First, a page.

A Journey Through China's History. The Dr Wou Kiuan Collection Part 1

A Journey Through China's History. The Dr Wou Kiuan Collection Part 1

View full screen - View 1 of Lot 15. A rare pair of bronze 'dragon' tripod censers, Marks and period of Qianlong | 清乾隆 銅雲龍戲珠紋朝冠耳三足爐一對.

A rare pair of bronze 'dragon' tripod censers, Marks and period of Qianlong | 清乾隆 銅雲龍戲珠紋朝冠耳三足爐一對

Auction Closed

March 22, 07:08 PM GMT


100,000 - 150,000 USD

Lot Details


A rare pair of bronze 'dragon' tripod censers

Marks and period of Qianlong 

清乾隆 銅雲龍戲珠紋朝冠耳三足爐一對

each cast with a six-character mark at the rim within a rectangular cartouche



Width across handles 15¾ in., 40 cm

Christie's London, 16th November 1959, lot 102. 

Collection of Dr Wou Kiuan (1910-1997). 

Wou Lien-Pai Museum, 1968-present, coll. no. Q.7.40.




This pair of censers embodies the grandeur and power of the Qianlong reign (1736-95) through their striking shape and lavish decoration. They draw from archaism, as seen in the overall shape inspired by ritual bronze ding vessels of the Eastern Zhou period (770-256 BC), and combine this with the quintessential Qing dynasty imperial motif of scaly dragons striding through a dense field of swirling clouds. The elongated handles that extend dramatically in an S-curve from the globular body, on the other hand, are a feature that originated around the Song dynasty (960-1279). Integrating old and new design elements, these remarkable vessels are characteristic of imperial ritual bronzes of the Qianlong period which synthesize the Emperor’s dual interests in archaism and novelty.

Censers were made in a wide range of sizes to suit the needs of different settings and occasions. The present pair might have stood in one of the important rooms in the Imperial Palace, in which incense would have been burnt to disperse insects and provide a pleasing aroma. Some censers might have been produced for altars or temples in the Palace as part of a five-piece altar garniture (wugong). See, for example, a censer of closely related design and form, but of monumental size, measuring 94.5 cm in height, preserved in the British Museum, London (acc. no. OA+.7057.a).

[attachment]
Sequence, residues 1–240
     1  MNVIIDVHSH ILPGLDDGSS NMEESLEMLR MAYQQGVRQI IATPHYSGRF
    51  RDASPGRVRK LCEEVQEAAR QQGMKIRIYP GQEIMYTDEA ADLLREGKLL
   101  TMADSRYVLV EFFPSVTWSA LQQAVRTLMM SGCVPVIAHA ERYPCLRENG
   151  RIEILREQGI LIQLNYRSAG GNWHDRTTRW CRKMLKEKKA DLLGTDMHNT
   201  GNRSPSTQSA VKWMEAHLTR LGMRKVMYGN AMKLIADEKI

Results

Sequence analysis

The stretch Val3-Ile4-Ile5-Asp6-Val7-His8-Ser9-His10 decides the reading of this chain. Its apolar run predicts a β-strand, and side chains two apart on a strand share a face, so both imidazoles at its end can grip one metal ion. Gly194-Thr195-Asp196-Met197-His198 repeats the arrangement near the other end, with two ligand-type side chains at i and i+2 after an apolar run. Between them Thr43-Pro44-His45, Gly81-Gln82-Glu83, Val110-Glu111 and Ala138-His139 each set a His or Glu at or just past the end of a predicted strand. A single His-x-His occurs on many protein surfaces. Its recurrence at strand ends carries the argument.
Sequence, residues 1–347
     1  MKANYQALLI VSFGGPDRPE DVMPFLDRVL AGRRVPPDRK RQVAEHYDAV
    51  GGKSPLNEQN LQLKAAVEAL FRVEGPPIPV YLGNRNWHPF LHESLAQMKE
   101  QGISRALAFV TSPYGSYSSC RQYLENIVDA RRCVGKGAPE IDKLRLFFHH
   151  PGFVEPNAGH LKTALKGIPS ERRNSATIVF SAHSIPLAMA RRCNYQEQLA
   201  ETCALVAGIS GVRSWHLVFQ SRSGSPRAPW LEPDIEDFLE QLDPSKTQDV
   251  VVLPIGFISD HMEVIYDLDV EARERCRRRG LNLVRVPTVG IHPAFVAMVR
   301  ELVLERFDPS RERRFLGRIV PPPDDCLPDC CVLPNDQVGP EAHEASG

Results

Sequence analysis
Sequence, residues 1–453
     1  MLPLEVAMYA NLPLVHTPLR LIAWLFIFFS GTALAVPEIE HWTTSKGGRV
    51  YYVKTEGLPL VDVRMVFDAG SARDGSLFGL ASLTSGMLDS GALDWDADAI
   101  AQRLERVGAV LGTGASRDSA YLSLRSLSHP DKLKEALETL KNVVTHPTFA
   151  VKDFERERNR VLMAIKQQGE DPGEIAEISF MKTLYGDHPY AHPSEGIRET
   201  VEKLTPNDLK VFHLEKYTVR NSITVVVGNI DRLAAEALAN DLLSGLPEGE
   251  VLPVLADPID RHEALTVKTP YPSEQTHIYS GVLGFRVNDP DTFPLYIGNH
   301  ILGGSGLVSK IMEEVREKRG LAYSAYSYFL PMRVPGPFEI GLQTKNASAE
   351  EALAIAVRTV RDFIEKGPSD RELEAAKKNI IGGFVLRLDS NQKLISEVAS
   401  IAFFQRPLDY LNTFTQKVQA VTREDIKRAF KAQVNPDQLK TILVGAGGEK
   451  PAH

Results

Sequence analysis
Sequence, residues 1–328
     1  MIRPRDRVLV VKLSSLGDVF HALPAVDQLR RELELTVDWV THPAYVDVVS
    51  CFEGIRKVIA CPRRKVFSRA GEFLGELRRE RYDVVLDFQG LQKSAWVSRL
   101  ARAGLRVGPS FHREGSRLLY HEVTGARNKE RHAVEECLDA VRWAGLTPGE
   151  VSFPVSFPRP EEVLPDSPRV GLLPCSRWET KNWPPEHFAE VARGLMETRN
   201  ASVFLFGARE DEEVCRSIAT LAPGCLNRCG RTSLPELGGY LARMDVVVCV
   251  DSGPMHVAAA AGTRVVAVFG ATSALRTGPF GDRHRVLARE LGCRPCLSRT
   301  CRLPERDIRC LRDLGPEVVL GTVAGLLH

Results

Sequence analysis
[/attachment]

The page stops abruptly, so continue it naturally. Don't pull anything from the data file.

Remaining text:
Compare a smaller pair of similar censers from the collection of Garret Kerman (1925-2012), recently sold in these rooms, 21st September 2021, lot 59. Further censers with a similar mark and design include, in ascending order by size: a vessel of similar size sold in these rooms, 25th February 1983, lot 142; another sold at Christie’s New York, 22nd March 2007, lot 201; a third sold in our London rooms, 31st October 1986, lot 243; and a very large one, sold as part of a five-piece garniture in our Hong Kong rooms, 11th April 2008, lot 2826.

Dragons amongst clouds were an important imperial design element since ancient times, symbolizing the emperor's righteous rule over the universe. The five-clawed dragons in pursuit of a ‘flaming pearl’, as seen on the present piece, were a particularly popular subject on pieces made for the Qing Court. Occasionally, bronze vessels of this type were decorated with phoenixes, indicating that they may have been commissioned as a tribute to the empress or the empress dowager. See a large pair of Qianlong-marked bronze vases, decorated with both dragons and phoenixes sold three times in our Hong Kong rooms, most recently on 9th October 2007, lot 1322.